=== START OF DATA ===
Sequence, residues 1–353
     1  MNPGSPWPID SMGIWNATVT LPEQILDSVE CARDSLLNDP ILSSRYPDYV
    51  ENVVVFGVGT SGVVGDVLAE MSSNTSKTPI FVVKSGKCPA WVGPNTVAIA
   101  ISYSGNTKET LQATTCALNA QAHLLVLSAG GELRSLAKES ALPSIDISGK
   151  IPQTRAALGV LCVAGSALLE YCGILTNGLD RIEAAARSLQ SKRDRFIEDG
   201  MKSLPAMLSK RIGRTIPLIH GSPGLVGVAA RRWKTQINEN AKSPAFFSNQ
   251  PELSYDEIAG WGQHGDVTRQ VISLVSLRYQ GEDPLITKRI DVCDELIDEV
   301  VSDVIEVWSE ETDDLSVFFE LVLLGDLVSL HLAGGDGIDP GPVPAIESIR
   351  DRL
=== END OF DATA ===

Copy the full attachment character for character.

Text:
Sequence, residues 1–353
     1  MNPGSPWPID SMGIWNATVT LPEQILDSVE CARDSLLNDP ILSSRYPDYV
    51  ENVVVFGVGT SGVVGDVLAE MSSNTSKTPI FVVKSGKCPA WVGPNTVAIA
   101  ISYSGNTKET LQATTCALNA QAHLLVLSAG GELRSLAKES ALPSIDISGK
   151  IPQTRAALGV LCVAGSALLE YCGILTNGLD RIEAAARSLQ SKRDRFIEDG
   201  MKSLPAMLSK RIGRTIPLIH GSPGLVGVAA RRWKTQINEN AKSPAFFSNQ
   251  PELSYDEIAG WGQHGDVTRQ VISLVSLRYQ GEDPLITKRI DVCDELIDEV
   301  VSDVIEVWSE ETDDLSVFFE LVLLGDLVSL HLAGGDGIDP GPVPAIESIR
   351  DRL